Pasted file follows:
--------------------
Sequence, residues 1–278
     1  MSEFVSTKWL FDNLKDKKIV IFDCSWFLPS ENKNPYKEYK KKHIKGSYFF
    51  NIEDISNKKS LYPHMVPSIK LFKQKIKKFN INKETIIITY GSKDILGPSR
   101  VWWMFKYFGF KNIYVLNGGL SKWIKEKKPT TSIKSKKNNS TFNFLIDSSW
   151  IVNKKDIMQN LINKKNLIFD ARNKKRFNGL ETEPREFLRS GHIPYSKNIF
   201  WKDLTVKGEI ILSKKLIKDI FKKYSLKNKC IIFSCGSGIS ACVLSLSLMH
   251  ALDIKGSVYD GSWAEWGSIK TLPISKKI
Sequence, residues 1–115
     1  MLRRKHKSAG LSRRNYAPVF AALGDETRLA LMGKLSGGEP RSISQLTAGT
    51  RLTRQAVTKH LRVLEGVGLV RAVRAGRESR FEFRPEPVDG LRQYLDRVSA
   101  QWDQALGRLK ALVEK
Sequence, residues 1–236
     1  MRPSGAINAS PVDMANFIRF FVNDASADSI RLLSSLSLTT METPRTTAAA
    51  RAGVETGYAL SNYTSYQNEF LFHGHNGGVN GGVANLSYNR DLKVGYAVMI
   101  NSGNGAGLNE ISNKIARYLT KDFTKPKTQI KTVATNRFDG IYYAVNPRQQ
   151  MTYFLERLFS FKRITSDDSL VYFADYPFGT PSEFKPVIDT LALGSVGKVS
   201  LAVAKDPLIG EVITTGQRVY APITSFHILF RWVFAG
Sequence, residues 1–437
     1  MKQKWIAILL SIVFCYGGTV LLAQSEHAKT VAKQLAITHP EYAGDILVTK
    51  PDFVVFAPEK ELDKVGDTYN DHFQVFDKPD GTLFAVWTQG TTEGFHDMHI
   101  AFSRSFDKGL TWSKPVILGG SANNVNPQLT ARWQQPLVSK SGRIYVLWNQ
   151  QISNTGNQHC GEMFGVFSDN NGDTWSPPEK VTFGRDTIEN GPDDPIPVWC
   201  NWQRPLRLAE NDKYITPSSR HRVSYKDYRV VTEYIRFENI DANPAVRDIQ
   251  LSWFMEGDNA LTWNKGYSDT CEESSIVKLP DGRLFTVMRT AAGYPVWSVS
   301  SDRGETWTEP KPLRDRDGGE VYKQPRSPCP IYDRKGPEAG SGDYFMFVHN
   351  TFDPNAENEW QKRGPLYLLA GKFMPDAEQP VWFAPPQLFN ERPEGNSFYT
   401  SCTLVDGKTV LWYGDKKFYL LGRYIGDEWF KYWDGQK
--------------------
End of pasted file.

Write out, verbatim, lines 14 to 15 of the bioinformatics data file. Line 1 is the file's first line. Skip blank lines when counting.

    51  RAGVETGYAL SNYTSYQNEF LFHGHNGGVN GGVANLSYNR DLKVGYAVMI
   101  NSGNGAGLNE ISNKIARYLT KDFTKPKTQI KTVATNRFDG IYYAVNPRQQ